Work permit should be issued after ascertaining the safety aspects and hazards analysis. The wind speed should be a maximum of moderate levels only – otherwise too much of swinging of the cradle could lead to accidents, banging onto the building facade, damage to the facade including glass etc.

Review of load test certificates, ropes and other load bearing members of the cradle arrangement should be done before attempting to operate. All periodic statutory tests and certification are to be current before starting operations.

The building owner and users should be briefed about the facade cleaning work plan.

Necessary barricades for risky areas, security personnel posted at tactical positions to guide other users and full supervision of the work are essential to ensure total safety.

Case 4. An automobile manufacturing plant with a network of long interconnected production bays.

The designer had provided for “Northlight” glazed areas in each bay. The roofs were slanting type, with sheer falls at the northlight area. All the glass panes were sealed to their frames to avoid ingress of water during rain. The glazed areas were not accessible from the ground due to height and other structures blocking the path for boom lifts. The only access was from the roof. Climbing on the roof itself was a hazardous exercise, due to the complex structures and the slope.

Representative Northlight roof structureJust to help in visualising the problem, a representative drawing of the bare structure is given here.

The cleaning from inside was comparatively easier since the cleaning crew could climb on the internal structure and reach the glazed area.

Much thought was given and ideas were discussed before reaching the ultimate decision on how to safely work on this job. A steel rope was anchored to both ends of each bay and tightened as far as possible. These ropes were further anchored to some points on the lower side of the sloping roof, so as to keep the rope as taut as possible. The work platform was hung on to the rope with a pulley arrangement to lower and hoist. People working from the platform were anchored to the rope using extension bits and the full body harnesses.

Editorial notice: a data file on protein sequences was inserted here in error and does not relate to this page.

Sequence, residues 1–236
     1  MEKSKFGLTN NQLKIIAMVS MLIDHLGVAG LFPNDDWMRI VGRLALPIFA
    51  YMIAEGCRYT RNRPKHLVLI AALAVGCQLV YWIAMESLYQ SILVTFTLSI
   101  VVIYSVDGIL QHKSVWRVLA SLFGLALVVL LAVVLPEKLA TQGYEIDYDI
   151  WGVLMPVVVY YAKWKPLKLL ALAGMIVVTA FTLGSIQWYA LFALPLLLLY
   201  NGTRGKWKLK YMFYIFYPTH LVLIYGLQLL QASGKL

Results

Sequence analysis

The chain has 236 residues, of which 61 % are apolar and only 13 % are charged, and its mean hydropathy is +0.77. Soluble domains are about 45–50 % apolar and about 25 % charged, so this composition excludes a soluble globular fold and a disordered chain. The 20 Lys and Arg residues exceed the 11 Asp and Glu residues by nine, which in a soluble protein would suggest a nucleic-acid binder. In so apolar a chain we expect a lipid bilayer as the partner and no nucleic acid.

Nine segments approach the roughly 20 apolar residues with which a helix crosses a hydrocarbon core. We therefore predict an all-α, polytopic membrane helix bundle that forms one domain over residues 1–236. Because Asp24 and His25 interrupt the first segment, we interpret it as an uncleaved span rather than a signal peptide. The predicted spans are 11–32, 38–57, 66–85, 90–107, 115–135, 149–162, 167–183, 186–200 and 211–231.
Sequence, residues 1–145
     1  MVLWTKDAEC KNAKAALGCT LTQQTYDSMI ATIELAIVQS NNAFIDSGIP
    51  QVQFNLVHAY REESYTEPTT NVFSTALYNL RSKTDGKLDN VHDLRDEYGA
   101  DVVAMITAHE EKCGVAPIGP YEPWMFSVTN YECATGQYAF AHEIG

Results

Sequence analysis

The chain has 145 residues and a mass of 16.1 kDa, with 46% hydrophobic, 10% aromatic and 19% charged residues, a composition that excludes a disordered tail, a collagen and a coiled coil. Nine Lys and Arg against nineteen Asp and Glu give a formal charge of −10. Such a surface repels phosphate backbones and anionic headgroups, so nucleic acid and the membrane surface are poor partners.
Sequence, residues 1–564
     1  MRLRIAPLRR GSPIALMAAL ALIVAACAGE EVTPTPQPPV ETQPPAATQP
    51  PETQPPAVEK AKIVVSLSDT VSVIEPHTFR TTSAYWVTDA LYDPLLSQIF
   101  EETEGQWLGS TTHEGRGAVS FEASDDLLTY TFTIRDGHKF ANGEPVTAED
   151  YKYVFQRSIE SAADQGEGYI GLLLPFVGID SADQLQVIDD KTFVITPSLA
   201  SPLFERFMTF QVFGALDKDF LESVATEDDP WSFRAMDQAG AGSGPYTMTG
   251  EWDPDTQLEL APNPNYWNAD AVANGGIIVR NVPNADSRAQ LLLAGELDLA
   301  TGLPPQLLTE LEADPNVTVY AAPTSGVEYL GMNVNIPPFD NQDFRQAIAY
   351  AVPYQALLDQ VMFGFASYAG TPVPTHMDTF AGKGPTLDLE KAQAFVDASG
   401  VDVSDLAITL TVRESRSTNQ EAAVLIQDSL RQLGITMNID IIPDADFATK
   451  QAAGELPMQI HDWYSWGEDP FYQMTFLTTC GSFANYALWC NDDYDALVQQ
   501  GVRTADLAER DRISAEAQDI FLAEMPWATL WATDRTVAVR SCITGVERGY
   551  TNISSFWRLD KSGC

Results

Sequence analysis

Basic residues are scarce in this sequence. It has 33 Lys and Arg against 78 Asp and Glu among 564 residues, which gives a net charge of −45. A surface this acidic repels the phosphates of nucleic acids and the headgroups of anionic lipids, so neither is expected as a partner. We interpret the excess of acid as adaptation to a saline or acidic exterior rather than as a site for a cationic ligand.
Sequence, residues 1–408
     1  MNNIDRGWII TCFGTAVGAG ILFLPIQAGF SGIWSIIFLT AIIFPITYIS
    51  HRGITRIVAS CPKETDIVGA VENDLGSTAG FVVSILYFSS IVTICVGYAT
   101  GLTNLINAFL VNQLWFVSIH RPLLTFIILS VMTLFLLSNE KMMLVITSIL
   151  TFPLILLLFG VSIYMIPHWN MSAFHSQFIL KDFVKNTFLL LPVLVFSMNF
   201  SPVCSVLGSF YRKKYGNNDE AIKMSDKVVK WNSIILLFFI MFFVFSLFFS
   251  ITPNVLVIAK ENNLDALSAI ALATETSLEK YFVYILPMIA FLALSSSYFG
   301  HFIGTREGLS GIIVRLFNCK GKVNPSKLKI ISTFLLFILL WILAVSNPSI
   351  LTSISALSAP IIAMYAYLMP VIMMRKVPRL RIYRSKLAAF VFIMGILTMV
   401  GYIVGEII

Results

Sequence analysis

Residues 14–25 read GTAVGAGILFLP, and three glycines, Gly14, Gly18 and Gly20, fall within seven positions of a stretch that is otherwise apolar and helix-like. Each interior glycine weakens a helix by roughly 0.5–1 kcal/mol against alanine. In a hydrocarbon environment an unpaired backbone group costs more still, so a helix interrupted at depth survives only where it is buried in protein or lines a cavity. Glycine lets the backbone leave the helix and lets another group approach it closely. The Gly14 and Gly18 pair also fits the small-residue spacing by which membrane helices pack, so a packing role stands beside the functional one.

Getting the “Work permit” each day was a mammoth task since the Company management wanted a zero accident record. We managed the same without any mishaps barring minor abrasions to a couple of people.

Tail Piece

Imagine the team that does facade cleaning on the World’s tallest tower “Burj Dubai” and other such buildings!

The idea behind this blog entry is to get the regular readers thinking on the right lines from the building design stage till the regular maintenance.

Comments and suggestions are welcome. Thanks in advance!


Safety Related to Confined Spaces Entry – OSHA Link

Hi all,

You all must have gone through my earlier posts on the subject of confined spaces entry,

Here is a link to an OSHA online document, “Permit-required Confined Spaces” iven below:

This will help to amplify whatever was discussed in the earlier three posts.



Safety Matters, While Working in Confined Spaces Part 3

This article has been written out of personal and institutional experiences and should not be taken as a formal guideline for working in confined spaces. Please refer to relevant safety manuals before undertaking such work.

This is the third and final part of this series.

Part 1 is an introduction to “Confined Spaces”.

Part 2 contains thoughts on “Testing the atmosphere within confined spaces”, “Isolating the confined spaces”, “Other likely hazards within confined spaces”, “Personal protection gear”, “Support team” and “Training” aspects.

A link to the check list to ascertain safety for entering confined spaces is given below. Please go through. You are welcome to copy, download and use the same if you want to.

Confined Space Entry Safety Checklist

“Work Safe, Be Safe, Live Safe…….Live and Let Live”